UNESCO-IHE researchers have been involved in various research projects about drip irrigation. At the World Water Week, to be held in Stockholm from 31 August to 5 September 2014, they will present their findings.
Drip irrigation is widely promoted as an innovative technology to address current water, food, poverty, and environmental challenges as illustrated by the 2013 Stockholm Industry Award to irrigation material manufacturer Netafim.
Yet, even if improved yields and lower water use are achieved in some instances, not all farmers are interested in or in a position to adopt the technology and many promises remain unfulfilled.
This event will provide a renewed assessment of the potential and performance of drip irrigation worldwide (in terms of water, food, poverty and environment) and give a platform to different men and women to share their experience in working with drip irrigation. Four transversal themes will be discussed:
- Smallholder drip irrigation systems and support mechanisms for their sustainable dissemination and use;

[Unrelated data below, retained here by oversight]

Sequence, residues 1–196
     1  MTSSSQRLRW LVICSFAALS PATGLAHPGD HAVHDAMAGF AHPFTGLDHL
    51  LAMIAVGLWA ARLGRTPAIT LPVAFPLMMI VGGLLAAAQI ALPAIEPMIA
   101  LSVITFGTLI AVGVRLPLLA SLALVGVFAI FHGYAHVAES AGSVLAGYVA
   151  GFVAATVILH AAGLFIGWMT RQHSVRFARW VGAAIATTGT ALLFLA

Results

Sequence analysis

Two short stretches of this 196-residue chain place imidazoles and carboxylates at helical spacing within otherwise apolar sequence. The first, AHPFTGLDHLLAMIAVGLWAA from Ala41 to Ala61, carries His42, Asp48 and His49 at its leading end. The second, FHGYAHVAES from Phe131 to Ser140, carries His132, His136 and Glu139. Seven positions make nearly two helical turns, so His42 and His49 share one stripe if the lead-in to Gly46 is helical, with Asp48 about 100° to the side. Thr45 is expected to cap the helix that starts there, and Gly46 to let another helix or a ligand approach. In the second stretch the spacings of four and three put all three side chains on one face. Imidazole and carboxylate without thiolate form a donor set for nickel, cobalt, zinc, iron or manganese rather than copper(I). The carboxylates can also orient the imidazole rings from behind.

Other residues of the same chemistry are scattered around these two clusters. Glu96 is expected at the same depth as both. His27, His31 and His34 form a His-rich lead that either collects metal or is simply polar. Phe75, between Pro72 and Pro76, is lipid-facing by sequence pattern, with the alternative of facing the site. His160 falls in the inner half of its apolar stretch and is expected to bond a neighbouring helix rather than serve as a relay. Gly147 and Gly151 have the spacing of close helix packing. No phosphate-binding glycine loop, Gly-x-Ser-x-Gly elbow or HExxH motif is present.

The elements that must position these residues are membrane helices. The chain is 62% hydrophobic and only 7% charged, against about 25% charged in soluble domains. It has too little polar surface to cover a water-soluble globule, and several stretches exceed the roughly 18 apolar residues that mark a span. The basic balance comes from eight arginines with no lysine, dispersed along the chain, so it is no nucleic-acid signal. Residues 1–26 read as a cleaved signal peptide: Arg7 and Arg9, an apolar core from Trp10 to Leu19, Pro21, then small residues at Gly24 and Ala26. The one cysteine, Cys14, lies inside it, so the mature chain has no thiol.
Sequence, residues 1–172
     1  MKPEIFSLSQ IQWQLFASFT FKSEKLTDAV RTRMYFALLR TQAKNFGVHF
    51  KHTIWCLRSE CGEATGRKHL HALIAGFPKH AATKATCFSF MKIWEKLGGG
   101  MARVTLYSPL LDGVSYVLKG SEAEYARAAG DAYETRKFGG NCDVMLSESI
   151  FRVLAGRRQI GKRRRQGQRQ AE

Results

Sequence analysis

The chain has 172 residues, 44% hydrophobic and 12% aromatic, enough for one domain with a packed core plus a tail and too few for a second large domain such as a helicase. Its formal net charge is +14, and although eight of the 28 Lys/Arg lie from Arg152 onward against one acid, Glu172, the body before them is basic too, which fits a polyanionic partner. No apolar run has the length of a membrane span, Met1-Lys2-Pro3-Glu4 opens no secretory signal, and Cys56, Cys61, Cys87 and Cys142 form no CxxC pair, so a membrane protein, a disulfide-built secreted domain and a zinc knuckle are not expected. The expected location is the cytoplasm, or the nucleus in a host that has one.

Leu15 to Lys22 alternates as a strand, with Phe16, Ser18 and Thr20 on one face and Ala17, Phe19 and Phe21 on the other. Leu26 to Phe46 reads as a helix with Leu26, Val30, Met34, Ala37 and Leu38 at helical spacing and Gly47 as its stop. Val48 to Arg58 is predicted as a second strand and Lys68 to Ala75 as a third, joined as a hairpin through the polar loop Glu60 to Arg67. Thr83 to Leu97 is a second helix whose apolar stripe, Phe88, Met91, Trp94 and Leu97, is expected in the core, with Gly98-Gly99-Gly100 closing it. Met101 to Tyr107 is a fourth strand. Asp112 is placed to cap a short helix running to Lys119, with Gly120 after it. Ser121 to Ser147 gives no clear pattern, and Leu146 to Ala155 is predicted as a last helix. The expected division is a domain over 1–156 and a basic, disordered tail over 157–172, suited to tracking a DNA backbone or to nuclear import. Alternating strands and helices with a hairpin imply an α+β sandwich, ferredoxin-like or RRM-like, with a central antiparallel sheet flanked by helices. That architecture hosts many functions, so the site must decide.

- approaches enhancing coherence between farmer-led technical change and irrigation system-level modernization;
- the multiplicity of systems for multiple farmers;
- drip irrigation standards and subsidies mechanisms.
Read more about the session at the World Water Week in Stockholm on Thursday 4 September 2014, 14:00-17:30, Room T5: Putting Drip Irrigation in Perspective: Reality Check on the Promises of a Technology
New Story: A Wake Up Call from the Drip Dream
Drip irrigation is spreading among agro-entrepreneurs and smallholders in many countries, but it is not a miracle solution to water scarcity, food insecurity, and poverty.
UNESCO-IHE researchers have contributed to recent studies that aim to put a new perspective on efforts geared at promoting drip irrigation for smallholder farmers.